When head coach Mike McCoy was hired by the San Diego Chargers earlier this year, his most important task was to "fix" quarterback Philip Rivers. How much "fixing" of Rivers was really needed is debatable, but few would argue that he hasn’t regressed over the last few years.
Judging by Rivers' responses to Sam Farmer of the Los Angeles Times, fixing him may be harder than the Chargers anticipated because Rivers insists he doesn’t need to be fixed at all. Rivers insinuates it's not about fixing him; it's just eliminating bad plays.
Rivers takes responsibility for some of the bad plays and losses, but then insinuates his poor play doesn't need fixing. Which is it? It sounds like Rivers is blaming someone else and ignoring that he has been part of the problem.
Rivers' statements highlight something important about fixing him; it's not going to happen all at once. Rivers needs to be fixed, but it's a process, and he isn't even willing to admit it yet.
Rivers isn't running away from responsibility, but he isn't running toward it either. He's saying he is responsible like he should as a quarterback and then pushing the blame onto his supporting cast.
Sure, the supporting cast has been an issue. The offensive line has been a sieve, and Rivers lost his short-yardage dynamo, Darren Sproles, and his big-play receiver, Vincent Jackson. Unfortunately, fixing the supporting cast doesn’t magically fix Rivers' problems.
Taking hits and not having receivers bail him out when he makes a bad throw have gotten to Rivers. The reality for the Chargers was that fixing the offensive line and finding receivers are only half the battle; Rivers would also need to be rebuilt mentally.
Rivers told the Los Angeles Times that he never lost confidence but that it's human nature for it to be harder to make throws after throwing a couple interceptions.
"It's that feeling of 'Be careful!' rather than that 'Aw, [the defender] can't get there,'" Rivers said.
Again, Rivers contradicts himself. Rivers is right when he said that it's human nature to start being cautious when things go wrong, but it's also the opposite of confidence. Also, if great quarterbacks didn't border on superhuman, there would be more of them.
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Maybe Rivers was never wired to ignore doubt, or maybe—over time—a wire was crossed. If Rivers will never be able to fight his nature, the only solution is to try to eliminate situations that would cause him to doubt.
Don't assume that the coaches don't know the problem—even if they would never admit it. It's McCoy's job to get Rivers to play at a high level and make an honest assessment. The coaches know you can't ignore a problem and hope it goes away.
Getting the supporting cast in shape is part of it. Without fixing the supporting cast, it's like telling an alcoholic to fight the urge to drink and putting a drink in his hand. If Rivers starts to trust his protection and his receivers, he won't face as many situations where he asks himself to be careful.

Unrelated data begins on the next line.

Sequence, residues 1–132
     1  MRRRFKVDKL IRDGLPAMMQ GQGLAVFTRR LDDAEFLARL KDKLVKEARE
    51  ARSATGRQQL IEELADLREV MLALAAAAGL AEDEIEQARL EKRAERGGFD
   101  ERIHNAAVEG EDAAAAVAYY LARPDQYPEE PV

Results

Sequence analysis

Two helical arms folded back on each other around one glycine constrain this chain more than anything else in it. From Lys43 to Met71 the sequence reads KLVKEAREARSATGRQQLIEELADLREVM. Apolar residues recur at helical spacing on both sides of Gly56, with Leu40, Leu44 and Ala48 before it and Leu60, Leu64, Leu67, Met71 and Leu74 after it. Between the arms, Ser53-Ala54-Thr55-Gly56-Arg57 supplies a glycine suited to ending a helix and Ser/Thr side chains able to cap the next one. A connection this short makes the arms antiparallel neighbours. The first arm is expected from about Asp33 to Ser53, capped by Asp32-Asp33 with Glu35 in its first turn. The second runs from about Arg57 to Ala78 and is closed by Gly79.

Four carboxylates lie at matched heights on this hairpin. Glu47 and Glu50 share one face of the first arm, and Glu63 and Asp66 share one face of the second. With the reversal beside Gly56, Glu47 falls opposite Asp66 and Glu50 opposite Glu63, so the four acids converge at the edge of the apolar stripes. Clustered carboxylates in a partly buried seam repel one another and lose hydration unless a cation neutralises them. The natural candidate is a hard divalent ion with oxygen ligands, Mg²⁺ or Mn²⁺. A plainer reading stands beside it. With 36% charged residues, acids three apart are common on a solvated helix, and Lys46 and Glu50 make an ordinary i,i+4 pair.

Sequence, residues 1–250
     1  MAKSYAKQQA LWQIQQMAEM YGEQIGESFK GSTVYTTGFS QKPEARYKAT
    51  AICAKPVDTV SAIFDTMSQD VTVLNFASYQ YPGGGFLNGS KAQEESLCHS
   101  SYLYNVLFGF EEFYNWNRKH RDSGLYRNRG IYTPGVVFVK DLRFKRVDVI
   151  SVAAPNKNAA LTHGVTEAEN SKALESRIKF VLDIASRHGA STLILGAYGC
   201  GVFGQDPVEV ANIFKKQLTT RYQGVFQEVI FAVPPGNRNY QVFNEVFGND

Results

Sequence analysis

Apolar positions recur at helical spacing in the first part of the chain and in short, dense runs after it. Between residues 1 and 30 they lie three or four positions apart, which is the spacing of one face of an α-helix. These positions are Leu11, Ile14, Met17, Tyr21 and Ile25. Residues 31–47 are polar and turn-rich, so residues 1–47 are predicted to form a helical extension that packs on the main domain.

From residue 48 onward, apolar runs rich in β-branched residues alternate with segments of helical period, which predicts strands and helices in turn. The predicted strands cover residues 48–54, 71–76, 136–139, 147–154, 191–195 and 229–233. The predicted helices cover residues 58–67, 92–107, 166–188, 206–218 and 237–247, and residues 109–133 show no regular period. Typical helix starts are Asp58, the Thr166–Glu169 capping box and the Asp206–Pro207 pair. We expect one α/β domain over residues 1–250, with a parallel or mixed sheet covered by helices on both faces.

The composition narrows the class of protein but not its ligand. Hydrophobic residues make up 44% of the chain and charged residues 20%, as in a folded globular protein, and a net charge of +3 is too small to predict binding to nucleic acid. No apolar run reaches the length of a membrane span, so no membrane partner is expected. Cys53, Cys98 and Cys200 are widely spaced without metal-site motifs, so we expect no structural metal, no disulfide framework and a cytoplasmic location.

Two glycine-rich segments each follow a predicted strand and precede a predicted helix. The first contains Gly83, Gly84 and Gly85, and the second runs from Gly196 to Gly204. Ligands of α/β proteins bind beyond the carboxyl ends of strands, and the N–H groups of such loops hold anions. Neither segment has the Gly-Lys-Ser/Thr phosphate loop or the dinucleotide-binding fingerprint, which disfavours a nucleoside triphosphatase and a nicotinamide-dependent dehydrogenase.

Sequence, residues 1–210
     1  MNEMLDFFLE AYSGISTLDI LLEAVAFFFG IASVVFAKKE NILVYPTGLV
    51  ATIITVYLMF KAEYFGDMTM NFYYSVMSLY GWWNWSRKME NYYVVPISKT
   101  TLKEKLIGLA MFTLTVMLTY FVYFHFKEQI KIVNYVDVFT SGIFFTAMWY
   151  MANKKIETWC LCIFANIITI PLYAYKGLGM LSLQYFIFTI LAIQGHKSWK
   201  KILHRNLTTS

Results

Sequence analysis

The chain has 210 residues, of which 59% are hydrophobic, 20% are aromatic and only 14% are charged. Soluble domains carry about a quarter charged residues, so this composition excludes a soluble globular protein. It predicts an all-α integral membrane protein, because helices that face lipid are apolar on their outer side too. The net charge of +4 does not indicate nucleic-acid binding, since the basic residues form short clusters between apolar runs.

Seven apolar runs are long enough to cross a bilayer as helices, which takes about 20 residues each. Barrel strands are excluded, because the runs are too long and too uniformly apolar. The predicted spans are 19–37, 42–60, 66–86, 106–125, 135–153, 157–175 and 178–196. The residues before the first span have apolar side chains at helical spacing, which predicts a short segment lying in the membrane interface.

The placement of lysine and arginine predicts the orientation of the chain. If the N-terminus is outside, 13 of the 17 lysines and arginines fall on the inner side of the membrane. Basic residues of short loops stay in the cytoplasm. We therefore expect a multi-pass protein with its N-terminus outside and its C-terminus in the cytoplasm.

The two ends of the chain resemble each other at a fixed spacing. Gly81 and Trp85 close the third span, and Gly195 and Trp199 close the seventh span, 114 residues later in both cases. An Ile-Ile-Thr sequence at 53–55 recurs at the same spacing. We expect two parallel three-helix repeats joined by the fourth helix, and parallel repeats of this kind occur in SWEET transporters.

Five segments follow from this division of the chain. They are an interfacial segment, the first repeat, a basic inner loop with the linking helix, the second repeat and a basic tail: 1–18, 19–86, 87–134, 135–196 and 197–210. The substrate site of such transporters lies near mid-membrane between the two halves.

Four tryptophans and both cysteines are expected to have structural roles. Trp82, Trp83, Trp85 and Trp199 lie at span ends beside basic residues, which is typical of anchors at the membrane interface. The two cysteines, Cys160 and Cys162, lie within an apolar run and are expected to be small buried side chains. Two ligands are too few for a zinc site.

Unfortunately, fixing the supporting cast is going to be a multi-year process, and injuries have already taken their toll. The Chargers can't just make a few changes and assume that will fix Rivers as if it would be that easy.
Another tactic the Chargers could use is to scale back some of Rivers' responsibility. Instead of giving Rivers opportunities to think, give him more predefined reads. The coaches can start to rebuild Rivers' confidence by getting him into a rhythm.
"When you've made that throw three or four games in a row, it's a lot easier to pull the trigger the next time," Philip Rivers told the Los Angeles Times.
Some of this is going to be natural because Rivers is playing in a new offense. Rivers knew Norv Turner's offense so well the team couldn't exactly dial back his responsibility.
How long will it take for the Chargers to fix Rivers?
Maybe the Chargers are taking the right approach. Telling someone not to think about something is the surest way to make them think about it. A quarterback in this situation is going to try to do too much, and that's not going to help things.
Trying to do too much was also a problem for Rivers. It happens when a quarterback doesn't have confidence in his supporting cast. It's like the manager who doesn't trust his employees to do the work and tries to do it himself.
The Chargers are attempting inception on Rivers, and he can't know they are trying to hack into his mind. In some ways, it would be a lot easier if Rivers had a minor mechanical flaw. Such a flaw could be corrected quickly, but we all know that's really not the problem.
Rivers' problem is far more difficult to solve, but he is young enough and has the physical ability to do it—it's just going to take some time. Rome wasn’t built in a day, nor did it fall in a day. It took two years to get to this point, and it might take two years to fix Rivers and the roster in San Diego.
Of course, that doesn't mean we won't see immediate results. If the plan is working, you would hope to see incremental improvement. Big jumps aren’t expected, but if everything clicks, it can happen and we could be singing a different tune a few weeks from now.
Rivers is the type of guy that is easy to root for because he has his priorities in order, but he does need to be fixed or we wouldn't be talking about it. Whether or not he's willing to ever admit it or not doesn't matter as long as the Chargers win. If the Chargers lose and Rivers doesn’t rebound, we'll be left wondering if Rivers was just too stubborn to realize he needed to change.